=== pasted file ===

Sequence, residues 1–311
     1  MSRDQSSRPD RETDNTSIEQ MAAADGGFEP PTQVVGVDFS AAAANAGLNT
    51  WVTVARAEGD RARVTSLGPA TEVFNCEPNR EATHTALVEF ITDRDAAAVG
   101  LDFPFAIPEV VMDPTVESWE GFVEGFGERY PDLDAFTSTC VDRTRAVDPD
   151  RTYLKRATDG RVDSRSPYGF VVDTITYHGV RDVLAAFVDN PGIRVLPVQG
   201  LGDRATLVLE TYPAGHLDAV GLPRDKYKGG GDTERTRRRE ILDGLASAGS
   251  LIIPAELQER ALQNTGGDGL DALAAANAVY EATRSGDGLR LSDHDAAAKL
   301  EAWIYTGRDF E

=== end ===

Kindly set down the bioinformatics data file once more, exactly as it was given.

Sequence, residues 1–311
     1  MSRDQSSRPD RETDNTSIEQ MAAADGGFEP PTQVVGVDFS AAAANAGLNT
    51  WVTVARAEGD RARVTSLGPA TEVFNCEPNR EATHTALVEF ITDRDAAAVG
   101  LDFPFAIPEV VMDPTVESWE GFVEGFGERY PDLDAFTSTC VDRTRAVDPD
   151  RTYLKRATDG RVDSRSPYGF VVDTITYHGV RDVLAAFVDN PGIRVLPVQG
   201  LGDRATLVLE TYPAGHLDAV GLPRDKYKGG GDTERTRRRE ILDGLASAGS
   251  LIIPAELQER ALQNTGGDGL DALAAANAVY EATRSGDGLR LSDHDAAAKL
   301  EAWIYTGRDF E